The head of the Canada Revenue Agency says that Canadians should expect better service this tax season on the agency’s customer service lines following a scathing report from the auditor general last year.
CRA Commissioner Bob Hamilton appeared Tuesday before the Senate’s finance committee, and faced some tough questions about what, exactly, has been done since Auditor General Michael Ferguson revealed that only a third of calls to the CRA’s help-line were getting through.
“Since (the report), we believe that we’re getting to a point where about half the calls are getting through,” Hamilton said.
“I’m not trying to say that’s perfect, but it’s an improvement.”
WATCH: CRA 30% error rate could impact Canadians’ taxes, says auditor general
The CRA has also hired more staff to work the lines, and is offering more “self-serve” options on the automated voice system to handle callers who have basic questions.
In addition, Hamilton added, the system now presents callers with a busy signal only when the queue is full and the wait time is more than five minutes. The previous standard was two minutes.
A tax deadline of April 31?
Ferguson’s report, tabled last November, also laid bare the quality-control issues at the CRA’s call centres. The auditor found that Canadians were being given incorrect information 29 per cent of the time, leading to errors in their tax returns.
Questions specifically about filing personal taxes got an even higher error rate, 36 per cent.
That is unacceptably high, Hamilton acknowledged, and the CRA has since implemented a new approach to training its staff.
It builds on the previous six-week standard training program, he explained, adding more “support and coaching” for call-centre workers through their first three to 10 weeks working the lines.
In order to progress to more complex calls, they must now pass through a series of training “gates.”
At the same time, a national CRA team has started making “blind calls” to the help-line to anonymously test the accuracy of responses since these changes were made, the senators heard.
Hamilton revealed that the CRA is using the exact same test questions used by the auditor general to measure the agency’s accuracy (by calling the help-line and pretending to be a tax filer). Some were relatively complicated, but others were as basic as “when is the tax-filing deadline?”
“One of the responses that came back (to the auditor) was April 31,” Hamilton told the senators. “There is no April 31.”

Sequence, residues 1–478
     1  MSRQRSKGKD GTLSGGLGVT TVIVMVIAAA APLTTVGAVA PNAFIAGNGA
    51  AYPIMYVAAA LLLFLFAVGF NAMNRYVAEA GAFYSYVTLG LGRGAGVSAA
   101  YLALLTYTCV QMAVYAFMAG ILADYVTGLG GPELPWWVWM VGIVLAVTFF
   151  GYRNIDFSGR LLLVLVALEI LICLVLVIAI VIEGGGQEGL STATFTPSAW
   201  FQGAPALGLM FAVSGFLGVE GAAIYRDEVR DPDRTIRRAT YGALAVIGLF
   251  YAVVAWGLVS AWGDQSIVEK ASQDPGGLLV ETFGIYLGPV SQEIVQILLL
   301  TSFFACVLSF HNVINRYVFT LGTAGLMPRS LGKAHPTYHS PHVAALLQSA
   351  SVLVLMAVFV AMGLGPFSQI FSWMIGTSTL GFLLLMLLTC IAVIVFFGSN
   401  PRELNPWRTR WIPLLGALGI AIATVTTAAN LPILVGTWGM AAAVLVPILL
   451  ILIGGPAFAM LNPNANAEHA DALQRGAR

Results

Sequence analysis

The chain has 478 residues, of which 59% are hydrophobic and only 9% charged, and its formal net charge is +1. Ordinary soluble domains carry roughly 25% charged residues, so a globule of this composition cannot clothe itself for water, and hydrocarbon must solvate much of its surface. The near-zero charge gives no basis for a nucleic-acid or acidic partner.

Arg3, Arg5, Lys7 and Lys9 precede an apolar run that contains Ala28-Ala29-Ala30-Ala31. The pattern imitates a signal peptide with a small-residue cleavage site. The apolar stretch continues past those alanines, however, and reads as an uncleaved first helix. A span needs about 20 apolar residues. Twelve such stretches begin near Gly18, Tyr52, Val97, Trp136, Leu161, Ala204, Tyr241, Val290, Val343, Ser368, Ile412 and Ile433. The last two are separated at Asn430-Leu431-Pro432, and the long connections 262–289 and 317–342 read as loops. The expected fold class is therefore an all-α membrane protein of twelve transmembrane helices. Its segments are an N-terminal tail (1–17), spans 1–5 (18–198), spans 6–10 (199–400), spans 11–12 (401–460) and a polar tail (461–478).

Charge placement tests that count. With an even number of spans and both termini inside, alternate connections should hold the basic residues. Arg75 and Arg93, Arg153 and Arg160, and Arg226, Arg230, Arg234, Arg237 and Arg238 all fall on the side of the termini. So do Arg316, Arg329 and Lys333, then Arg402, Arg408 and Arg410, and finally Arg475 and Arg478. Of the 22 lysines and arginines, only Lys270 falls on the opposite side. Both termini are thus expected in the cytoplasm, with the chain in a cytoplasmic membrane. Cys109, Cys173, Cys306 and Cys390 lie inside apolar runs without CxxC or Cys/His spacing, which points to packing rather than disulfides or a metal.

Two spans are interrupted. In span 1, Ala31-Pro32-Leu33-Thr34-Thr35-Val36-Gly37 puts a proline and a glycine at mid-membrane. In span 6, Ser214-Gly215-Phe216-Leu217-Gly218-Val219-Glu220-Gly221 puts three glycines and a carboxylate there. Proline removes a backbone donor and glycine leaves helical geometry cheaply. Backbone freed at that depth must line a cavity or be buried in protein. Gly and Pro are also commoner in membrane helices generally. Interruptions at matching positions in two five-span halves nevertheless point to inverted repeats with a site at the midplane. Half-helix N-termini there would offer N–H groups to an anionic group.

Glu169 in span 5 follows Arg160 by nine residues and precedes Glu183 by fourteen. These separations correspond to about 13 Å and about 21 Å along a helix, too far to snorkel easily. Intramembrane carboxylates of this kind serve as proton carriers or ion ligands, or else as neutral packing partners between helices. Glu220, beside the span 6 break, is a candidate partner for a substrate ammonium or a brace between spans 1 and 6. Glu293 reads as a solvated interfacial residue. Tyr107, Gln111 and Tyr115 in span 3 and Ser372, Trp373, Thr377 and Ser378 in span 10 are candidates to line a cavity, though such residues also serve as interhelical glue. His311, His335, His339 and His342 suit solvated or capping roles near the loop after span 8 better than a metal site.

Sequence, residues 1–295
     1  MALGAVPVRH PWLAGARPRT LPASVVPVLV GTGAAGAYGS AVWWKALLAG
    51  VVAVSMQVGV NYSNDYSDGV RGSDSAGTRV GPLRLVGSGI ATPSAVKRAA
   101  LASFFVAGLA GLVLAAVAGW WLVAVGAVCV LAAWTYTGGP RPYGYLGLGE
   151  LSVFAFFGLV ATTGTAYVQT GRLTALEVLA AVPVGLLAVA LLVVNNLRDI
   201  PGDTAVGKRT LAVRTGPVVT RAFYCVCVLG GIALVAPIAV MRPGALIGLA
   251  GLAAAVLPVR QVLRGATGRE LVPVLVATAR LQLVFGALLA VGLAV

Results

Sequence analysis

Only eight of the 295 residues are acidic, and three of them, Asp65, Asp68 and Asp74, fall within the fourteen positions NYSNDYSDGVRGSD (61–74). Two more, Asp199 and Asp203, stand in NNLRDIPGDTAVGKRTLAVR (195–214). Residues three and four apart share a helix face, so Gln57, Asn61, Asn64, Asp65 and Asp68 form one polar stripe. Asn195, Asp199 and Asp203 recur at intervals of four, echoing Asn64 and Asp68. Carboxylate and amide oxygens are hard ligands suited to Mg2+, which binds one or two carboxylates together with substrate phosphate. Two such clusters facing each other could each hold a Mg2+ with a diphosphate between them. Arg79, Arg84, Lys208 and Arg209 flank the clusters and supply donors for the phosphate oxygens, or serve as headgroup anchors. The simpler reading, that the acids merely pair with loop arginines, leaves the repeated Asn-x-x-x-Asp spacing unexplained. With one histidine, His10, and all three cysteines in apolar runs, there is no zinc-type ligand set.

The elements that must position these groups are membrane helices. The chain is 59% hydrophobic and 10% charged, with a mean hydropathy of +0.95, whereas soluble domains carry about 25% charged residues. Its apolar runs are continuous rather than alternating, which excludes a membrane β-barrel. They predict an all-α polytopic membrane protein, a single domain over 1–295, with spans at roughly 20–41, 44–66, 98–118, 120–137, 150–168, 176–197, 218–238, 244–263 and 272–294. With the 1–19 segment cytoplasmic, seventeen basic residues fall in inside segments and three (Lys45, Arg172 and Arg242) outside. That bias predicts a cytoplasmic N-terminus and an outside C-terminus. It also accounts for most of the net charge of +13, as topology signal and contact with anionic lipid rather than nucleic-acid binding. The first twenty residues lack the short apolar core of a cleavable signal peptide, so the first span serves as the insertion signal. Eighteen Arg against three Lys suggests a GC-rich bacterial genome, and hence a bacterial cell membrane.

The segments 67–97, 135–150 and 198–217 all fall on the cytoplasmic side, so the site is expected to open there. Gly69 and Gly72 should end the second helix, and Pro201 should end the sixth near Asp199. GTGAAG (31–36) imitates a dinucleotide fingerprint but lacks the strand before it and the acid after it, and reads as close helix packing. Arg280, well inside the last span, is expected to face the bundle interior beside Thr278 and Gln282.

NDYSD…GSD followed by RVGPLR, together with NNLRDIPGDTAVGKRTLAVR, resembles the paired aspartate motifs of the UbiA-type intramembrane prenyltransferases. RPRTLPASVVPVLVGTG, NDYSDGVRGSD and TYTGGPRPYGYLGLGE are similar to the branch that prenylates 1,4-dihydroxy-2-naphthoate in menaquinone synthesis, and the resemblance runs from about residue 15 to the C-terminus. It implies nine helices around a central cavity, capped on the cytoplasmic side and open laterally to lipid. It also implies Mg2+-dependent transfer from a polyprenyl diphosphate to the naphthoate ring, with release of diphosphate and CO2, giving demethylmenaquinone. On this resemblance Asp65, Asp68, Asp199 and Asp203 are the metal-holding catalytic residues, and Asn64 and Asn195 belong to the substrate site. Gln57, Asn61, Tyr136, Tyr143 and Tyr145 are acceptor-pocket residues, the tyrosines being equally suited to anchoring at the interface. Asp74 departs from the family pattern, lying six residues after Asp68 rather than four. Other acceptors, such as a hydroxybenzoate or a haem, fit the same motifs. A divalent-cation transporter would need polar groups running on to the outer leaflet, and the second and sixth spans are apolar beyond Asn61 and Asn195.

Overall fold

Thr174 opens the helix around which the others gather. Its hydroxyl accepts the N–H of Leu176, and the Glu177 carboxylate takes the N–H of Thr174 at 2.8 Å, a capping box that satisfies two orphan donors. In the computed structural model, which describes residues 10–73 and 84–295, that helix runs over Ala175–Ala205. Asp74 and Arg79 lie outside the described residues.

It’s possible CRA staffers became confused, the commissioner said, because the agency can change the filing deadline from one year to the next. But that’s no excuse, he added.
Conservative Sen. Nicole Eaton seemed to agree.
“If you don’t understand Canada’s tax code, how can you expect Canadians to?” she said. “I mean, really.”
Eaton was also unimpressed by some of the explanations around how training standards have been improved, calling them “so much blah blah.”
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With tax season in progress, the senator said, small business owners, in particular, may have complex questions about the new tax regulations linked to Canadian-Controlled Private Corporations.
“Training enhancements are in progress. That means nothing to me. What exactly does it mean? How many more hours? What standards of education are you demanding from people who answer calls and give Canadians the answers?”
Hamilton said he would provide the committee with a written rundown answering those questions.
“Let me assure you that the staff that work at our call centres across the country … are committed to implementing this plan,” he noted. “I’m very proud of the work that CRA’s employees do.”
The 2016 federal budget allocated $50 million over four years for the CRA to improve its services. The phone system is also long overdue for an upgrade, Hamilton noted on Tuesday, because it still doesn’t allow the agency to record calls for quality assurance or even to give callers an estimated wait time.
The agency is working with Shared Services Canada (the government’s central IT department) to modernize the phone line.
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